According to the latest report from Reuters, China has set itself a staggering task to cure its pollution problems: switching coal-fired boilers and heating systems in at least 1.2 million households in 28 of its most smog-affected northern cities to run on gas or electricity by October.
Beijing's latest crackdown on pollution dangles a potentially game-changing carrot for the country's saturated global natural gas market.
The projected extra needs would inflate China's gas demand by a quarter, and more than the whole of France consumes in a year. That would offer the prospect of boosting prices in a seller's market and surging LNG imports.
Such expansion is all but impossible without investing in doubling underground storage capacity, building thousands of miles of pipeline to carry the gas in the west to the eastern cities, and installing pump stations in rural villages – all of which is supposed to be complete within a seven months.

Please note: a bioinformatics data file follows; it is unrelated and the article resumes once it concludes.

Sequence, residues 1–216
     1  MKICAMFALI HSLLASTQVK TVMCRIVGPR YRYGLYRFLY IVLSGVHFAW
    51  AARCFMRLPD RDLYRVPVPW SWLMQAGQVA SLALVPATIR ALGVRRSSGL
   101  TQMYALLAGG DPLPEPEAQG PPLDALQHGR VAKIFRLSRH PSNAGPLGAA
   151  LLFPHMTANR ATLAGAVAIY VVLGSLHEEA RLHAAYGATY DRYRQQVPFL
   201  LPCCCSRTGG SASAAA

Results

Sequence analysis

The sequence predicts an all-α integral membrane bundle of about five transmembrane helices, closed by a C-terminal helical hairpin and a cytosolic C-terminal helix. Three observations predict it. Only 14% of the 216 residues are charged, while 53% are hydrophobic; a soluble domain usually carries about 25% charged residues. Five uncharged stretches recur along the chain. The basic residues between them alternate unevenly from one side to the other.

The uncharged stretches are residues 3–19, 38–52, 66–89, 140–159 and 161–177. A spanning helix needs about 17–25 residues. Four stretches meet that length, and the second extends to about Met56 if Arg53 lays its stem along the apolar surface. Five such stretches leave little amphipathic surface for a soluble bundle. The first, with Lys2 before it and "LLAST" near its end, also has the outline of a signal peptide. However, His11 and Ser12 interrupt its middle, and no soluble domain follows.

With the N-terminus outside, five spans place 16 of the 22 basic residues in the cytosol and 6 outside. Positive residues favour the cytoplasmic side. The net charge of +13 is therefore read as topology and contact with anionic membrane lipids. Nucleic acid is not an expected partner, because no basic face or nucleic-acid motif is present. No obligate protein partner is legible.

The radical plan comes as Beijing ramps up its years-long war on pollution by attempting to wean the nation off coal, its favourite fuel but one that chokes the north during China's cold winter months.
The speed at which the project turned from a draft, issued in January, into an order suggests the government is determined to tackle the problem.
As well as a matter of improving national health, curbing pollution is a key part of a strategy of upgrading the economy by shifting away from heavy industry like public construction projects and tackling overcapacity.
The plan's fate will rest on a massive infrastructure build-out including LNG terminals, storage tanks and pipelines.
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